publication date: May. 2, 2014


By Paul Goldberg

The assumption that growth in research funding would be sustained indefinitely has created an “unsustainable hypercompetitive system” heading toward “long-term decline,” a group of scientists, including NCI Director Harold Varmus, wrote in a paper published in the April 22 edition of the Proceedings of the National Academy of Sciences.

The paper is important because it comes out at a time when Varmus’s restructuring of NCI is taking physical shape. By spelling out what’s wrong with the existing system, Varmus may be pointing to the strategic underpinnings of changes he is bringing about at NCI.

One of the most intriguing statements in the paper cautions against overvaluing studies that aim to change medical practice. The statement is interesting—and may be telling—because it is published at a time when NCI is dramatically reducing the number of participants in its clinical trials (The Cancer Letter, Feb. 28, April 4, April 11).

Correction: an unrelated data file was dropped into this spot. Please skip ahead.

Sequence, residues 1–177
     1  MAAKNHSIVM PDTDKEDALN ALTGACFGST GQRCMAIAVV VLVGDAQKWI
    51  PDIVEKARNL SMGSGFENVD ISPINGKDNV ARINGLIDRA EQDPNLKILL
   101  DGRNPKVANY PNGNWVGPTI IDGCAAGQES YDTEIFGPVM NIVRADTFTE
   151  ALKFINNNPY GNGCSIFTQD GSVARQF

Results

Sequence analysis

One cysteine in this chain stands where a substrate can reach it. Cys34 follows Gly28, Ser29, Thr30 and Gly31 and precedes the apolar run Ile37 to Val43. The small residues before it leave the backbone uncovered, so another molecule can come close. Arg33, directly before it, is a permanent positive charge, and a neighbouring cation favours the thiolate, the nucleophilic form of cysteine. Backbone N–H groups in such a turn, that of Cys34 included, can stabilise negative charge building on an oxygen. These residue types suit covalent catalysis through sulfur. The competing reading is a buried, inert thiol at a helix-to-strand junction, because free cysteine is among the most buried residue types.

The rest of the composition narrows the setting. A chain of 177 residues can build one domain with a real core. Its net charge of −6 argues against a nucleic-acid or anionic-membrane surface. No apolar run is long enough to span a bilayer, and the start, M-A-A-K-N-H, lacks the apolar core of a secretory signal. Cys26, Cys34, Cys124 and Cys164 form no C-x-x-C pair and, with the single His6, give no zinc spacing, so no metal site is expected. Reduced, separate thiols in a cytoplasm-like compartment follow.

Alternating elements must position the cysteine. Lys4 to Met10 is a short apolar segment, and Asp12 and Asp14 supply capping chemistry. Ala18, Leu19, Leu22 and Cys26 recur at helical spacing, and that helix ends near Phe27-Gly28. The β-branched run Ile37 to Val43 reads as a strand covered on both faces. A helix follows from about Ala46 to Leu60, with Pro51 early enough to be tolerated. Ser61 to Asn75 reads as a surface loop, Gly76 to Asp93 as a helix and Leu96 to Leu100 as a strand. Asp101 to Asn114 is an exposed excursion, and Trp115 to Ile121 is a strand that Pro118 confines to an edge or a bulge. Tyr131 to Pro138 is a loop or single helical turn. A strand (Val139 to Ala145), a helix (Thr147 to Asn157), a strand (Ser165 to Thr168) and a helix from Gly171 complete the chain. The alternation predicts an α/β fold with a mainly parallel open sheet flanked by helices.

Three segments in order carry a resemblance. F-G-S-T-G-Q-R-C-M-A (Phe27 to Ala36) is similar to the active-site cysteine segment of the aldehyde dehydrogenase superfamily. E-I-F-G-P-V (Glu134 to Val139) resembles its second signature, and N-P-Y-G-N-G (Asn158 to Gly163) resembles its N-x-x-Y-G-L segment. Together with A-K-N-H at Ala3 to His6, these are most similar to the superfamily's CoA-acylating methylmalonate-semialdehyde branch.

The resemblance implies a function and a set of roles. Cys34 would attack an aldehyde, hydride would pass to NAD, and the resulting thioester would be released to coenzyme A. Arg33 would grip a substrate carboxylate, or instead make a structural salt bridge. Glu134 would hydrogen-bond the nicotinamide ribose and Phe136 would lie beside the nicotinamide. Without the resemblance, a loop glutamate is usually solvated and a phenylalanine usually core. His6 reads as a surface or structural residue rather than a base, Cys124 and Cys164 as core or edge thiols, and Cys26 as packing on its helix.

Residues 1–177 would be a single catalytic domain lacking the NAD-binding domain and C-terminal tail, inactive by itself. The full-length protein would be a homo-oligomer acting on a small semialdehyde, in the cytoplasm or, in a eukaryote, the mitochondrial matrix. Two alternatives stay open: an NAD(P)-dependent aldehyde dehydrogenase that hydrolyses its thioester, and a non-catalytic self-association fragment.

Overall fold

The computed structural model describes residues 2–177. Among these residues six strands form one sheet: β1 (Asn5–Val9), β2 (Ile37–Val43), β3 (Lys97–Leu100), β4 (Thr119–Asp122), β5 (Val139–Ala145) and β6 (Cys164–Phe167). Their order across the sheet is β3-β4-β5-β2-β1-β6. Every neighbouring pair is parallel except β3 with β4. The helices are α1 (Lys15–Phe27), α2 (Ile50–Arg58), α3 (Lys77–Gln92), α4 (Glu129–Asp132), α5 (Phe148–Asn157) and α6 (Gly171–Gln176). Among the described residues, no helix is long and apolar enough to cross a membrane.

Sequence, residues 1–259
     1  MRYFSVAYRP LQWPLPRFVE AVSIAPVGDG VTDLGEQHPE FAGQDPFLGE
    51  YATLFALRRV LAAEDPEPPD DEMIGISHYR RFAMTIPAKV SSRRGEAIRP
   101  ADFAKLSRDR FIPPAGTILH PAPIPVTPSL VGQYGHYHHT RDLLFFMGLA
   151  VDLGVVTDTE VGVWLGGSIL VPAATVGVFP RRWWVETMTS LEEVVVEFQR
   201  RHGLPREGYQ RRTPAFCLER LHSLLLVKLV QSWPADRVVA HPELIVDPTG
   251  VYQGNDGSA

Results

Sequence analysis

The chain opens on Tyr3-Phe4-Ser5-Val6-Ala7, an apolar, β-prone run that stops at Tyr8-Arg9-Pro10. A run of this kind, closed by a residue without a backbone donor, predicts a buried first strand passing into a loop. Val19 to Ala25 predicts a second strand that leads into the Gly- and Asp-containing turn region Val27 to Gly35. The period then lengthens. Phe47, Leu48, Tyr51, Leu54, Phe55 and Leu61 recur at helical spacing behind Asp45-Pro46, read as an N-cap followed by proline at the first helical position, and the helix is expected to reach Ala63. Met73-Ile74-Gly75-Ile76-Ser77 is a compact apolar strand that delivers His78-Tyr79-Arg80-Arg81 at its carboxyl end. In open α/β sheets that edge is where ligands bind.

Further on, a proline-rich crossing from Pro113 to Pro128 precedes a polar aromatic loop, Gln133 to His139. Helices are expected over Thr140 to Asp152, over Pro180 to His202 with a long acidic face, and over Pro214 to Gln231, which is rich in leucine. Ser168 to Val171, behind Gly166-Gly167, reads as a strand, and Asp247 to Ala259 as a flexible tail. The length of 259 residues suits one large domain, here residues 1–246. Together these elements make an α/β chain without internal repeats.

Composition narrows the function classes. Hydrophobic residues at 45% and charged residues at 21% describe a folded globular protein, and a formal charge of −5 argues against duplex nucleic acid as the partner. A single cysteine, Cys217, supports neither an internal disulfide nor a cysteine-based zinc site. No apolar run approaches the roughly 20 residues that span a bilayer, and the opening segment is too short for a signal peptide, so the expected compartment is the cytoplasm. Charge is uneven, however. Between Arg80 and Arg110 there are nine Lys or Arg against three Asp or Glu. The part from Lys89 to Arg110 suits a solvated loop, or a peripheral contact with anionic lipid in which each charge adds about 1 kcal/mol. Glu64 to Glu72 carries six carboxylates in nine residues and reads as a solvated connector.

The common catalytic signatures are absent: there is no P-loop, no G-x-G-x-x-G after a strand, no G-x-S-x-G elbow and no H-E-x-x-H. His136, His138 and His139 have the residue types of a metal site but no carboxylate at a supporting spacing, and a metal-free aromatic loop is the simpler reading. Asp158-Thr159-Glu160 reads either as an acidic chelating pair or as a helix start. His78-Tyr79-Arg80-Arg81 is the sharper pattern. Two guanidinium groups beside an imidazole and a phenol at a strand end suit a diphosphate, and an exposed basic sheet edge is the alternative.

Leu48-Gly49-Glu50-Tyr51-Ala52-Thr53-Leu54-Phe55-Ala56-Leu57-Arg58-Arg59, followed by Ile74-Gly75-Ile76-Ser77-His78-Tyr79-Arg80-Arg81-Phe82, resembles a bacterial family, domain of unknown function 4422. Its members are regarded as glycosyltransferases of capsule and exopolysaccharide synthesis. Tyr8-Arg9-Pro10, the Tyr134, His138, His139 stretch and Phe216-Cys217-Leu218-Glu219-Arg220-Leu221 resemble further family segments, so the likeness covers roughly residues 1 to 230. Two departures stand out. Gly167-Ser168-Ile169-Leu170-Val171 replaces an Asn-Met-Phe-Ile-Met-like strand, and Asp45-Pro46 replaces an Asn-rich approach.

“One manifestation of this shift to short-term thinking is the inflated value that is now accorded to studies that claim a close link to medical practice,” the authors write. “Human biology has always been a central part of the U.S. biomedical effort. However, only recently has the term ‘translational research’ been widely, if unofficially, used as a criterion for evaluation. Overvaluing translational research is detracting from an equivalent appreciation of fundamental research of broad applicability, without obvious connections to medicine. Many surprising discoveries, powerful research tools, and important medical benefits have arisen from efforts to decipher complex biological phenomena in model organisms. In a … Continue reading 40-18 On Biomedical Malthusianism

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